And here we go! In one corner, we have the 6’ 6”, 245 lb hurler from Alexandria, Virginia – former Red Mat Latos. In the other corner we have a poor son of a gun who was rendered two-dimensional from the body slam Latos put on him. Mad Mat has come a long way from the friendly confines of Great American Ballpark.
Since being traded for Anthony DeSclafani, Latos pitched for the Marlins, Dodgers, Angels, White Sox, Nationals, and Blue Jays (all in the span of two seasons) before finding himself out of Major League Baseball and playing for the Independent New Jersey Jackals.
That viral video got me to thinking, how are those former fan favorites that were dealt away? Let’s take a look.
The New York Reds
For whatever reason, a good handful of former Reds are currently playing in the Big Apple. Keeping it limited to the ones who fans bought jerseys for, Todd Frazier, Jay Bruce, and Devin Mesoraco are currently New York Mets while Aroldis Chapman saves games for the Yankees now.
Frazier – The Toddfather really made Reds fans miss him in 2016, smashing 40 homers for the White Sox. Since then, though, he has cooled down a bit. He had a postseason appearance with the return of the Yankees to October baseball, but otherwise hit a cool .222 after being traded midseason away from Chicago. This year he is hitting .239 in 37 games played with seven home runs and 24 ribeye steaks.
He’s currently on pace to have his best season since he left Cincinnati.
Bruce – Despite being mired in, possibly, his slowest start to a season, Bruce has had an interesting ride since leaving Cincinnati. Upon being dealt to the Mets in 2016, he accompanied them to a Wild Card exit at the hands of the San Francisco Giants (he’s got to have a special kind of distaste for that team) while contributing just eight homers and a .219 batting average.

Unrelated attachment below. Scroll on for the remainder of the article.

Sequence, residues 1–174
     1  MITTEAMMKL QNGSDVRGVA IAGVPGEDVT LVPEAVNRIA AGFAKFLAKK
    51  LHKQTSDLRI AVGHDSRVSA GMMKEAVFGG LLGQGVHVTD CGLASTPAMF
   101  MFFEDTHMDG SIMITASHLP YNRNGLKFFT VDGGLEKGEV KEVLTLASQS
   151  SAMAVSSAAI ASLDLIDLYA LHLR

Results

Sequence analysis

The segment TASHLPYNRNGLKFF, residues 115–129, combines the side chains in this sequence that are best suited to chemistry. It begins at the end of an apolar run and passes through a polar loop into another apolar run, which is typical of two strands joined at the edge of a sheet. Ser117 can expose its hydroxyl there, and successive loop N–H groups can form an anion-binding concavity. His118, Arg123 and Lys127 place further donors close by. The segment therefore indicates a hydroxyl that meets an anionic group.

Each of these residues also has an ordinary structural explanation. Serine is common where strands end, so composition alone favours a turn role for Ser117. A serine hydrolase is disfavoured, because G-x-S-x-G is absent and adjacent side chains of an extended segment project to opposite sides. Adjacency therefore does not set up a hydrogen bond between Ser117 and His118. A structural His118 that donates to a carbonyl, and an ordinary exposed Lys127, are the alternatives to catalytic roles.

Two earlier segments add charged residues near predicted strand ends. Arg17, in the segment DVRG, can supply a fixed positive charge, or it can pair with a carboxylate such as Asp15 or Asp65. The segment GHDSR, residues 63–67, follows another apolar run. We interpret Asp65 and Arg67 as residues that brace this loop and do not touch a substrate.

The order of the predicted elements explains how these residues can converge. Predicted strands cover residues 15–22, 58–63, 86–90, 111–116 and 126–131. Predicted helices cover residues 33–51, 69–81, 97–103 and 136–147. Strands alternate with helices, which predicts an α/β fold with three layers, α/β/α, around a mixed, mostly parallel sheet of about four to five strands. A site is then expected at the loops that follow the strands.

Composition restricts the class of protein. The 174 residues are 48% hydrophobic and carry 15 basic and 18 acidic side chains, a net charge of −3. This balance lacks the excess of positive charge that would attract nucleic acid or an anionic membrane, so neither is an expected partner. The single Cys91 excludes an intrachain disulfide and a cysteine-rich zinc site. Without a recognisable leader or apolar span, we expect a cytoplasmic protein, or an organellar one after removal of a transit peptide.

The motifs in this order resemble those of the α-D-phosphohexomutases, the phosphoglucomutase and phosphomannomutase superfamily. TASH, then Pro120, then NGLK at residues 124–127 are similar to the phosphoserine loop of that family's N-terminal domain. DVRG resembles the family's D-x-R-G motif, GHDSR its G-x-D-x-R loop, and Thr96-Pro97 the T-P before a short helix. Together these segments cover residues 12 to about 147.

2017 saw a more Brucian-like 29 homers and 75 RBI up until August 9th, when he was dealt to the Indians for a low-A pitching prospect. With the Indians, Bruce was a vital part of the record-setting 22-game winning streak that Cleveland put together. Bruce hit the 3-run homer that put the Indians ahead in their 21st straight win and hit the walk-off RBI double to win the 22nd in a row.
Mesoraco – He hasn’t been gone long, but he’s still worth mentioning. After receiving a bit more regular playing time, Mes has five homers and 10 RBI in 22 games. He is still batting just .209, though, and has 15 strikeouts in 67 at-bats.
Chapman – This former Reds closer is not a Met but a Yankee. After being dealt to the Bombers for what seemed like 20 cents on the dollar, Brian Cashman flipped him for his current starting shortstop and then signed him in free agency a year later. Must be nice to have all that money. As most of you probably remember, Chapman helped the Cubs break their championship drought in 2016, so I’d say he’s ok with having been traded.